A powerful magnitude 7.3 earthquake jolted Japan's northeast coast off Fukushima on Wednesday after a devastating earthquake hit northeastern Japan on the night of March 16 The Asahi Shimbun A powerful magnitude 7.3 earthquake sank Japan s northeast coast off Fukushima, leaving two dead and 94 wounded and reviving memories of a quake and tsunami that crippled the region just over a decade earlier in the day.
There were reports of fire, according to the government. On Thursday morning, the Fire and Disaster Management Agency said there had been two confirmed deaths and 94 injured, including four seriously.
The quake felt in Tokyo, some 275 kilometers away, where the shaking of buildings was long and pronounced. Hundreds of thousands of homes in the capital were plunged into darkness for an hour or more, although power was fully restored by the early hours of Thursday morning.
The quake hit off the coast of Fukushima Prefecture just before midnight, a depth of 60 kilometers, the Japan Meteorological Agency said. It sparked memories of a devastating earthquake and tsunami in March 2011, a week after that disaster's 11th anniversary.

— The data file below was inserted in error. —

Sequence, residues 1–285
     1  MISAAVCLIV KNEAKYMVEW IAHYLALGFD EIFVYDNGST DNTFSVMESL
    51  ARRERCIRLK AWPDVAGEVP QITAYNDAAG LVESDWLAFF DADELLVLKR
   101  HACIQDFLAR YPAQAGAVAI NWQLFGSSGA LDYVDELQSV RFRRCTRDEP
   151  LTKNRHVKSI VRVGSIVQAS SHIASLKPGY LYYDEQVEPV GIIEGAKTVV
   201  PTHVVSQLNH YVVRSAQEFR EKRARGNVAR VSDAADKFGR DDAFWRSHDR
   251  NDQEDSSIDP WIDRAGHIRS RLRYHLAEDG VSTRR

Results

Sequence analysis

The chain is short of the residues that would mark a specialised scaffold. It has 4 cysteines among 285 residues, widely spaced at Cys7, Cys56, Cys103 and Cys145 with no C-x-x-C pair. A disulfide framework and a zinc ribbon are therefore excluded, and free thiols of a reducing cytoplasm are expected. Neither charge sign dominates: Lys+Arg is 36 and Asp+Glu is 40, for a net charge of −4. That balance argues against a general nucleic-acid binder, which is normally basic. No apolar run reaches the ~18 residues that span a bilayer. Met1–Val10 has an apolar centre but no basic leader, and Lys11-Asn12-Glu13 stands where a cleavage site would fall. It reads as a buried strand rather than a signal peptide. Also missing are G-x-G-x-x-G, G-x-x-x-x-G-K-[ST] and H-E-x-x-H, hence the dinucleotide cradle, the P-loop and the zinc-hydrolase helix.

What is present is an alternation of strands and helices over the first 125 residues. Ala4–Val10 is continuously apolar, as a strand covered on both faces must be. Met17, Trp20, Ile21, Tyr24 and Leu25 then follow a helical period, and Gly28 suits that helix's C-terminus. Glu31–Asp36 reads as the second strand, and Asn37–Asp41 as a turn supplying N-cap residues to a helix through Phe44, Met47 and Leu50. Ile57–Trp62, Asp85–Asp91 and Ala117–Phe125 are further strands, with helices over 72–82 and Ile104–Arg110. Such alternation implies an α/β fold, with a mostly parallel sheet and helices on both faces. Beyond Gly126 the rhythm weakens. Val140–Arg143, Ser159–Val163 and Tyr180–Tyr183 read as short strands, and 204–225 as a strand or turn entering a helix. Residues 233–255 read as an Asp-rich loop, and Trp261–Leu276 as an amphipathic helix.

There were no abnormalities at nuclear power plants, Prime Minister Fumio Kishida told reporters. The 2011 disaster triggered a meltdown at Fukushima No. Japan is still coming to grips with 1 nuclear plant in Fukushima Prefecture, an incident that Japan is still dealing with.
A fire alarm had been triggered at a turbine building at the crippled plant, according to authorities.
A Shinkansen bullet train with some 100 people on board was separated from each other, although there were no reports of injuries.
On Wednesday, around 2 million households lost power, including 700,000 in the capital, according to Utility Tokyo Electric Power Co. As of 7.40 am local time Thursday, around 38,500 homes were still without power, according to Tohoku Electric Power Co.
Strong quakes in Japan can disrupt the production of sensitive electronic components, such as semiconductors that are made using precision machinery.
The 2011 quake stopped production at a factory owned by Renesas Electronics Corp., which makes nearly a third of all microcontroller chips used in cars. A fire at the facility last year worsened a chip shortage that has forced auto companies to reduce output.
Renesas said it would provide a statement on whether production has been affected later, as well as checking the condition of three of its plants in Naka, Yonezawa and Takasaki.
Japan experiences about a fifth of the world's earthquakes of magnitude 6 or greater, sitting on the boundary of several tectonic plates.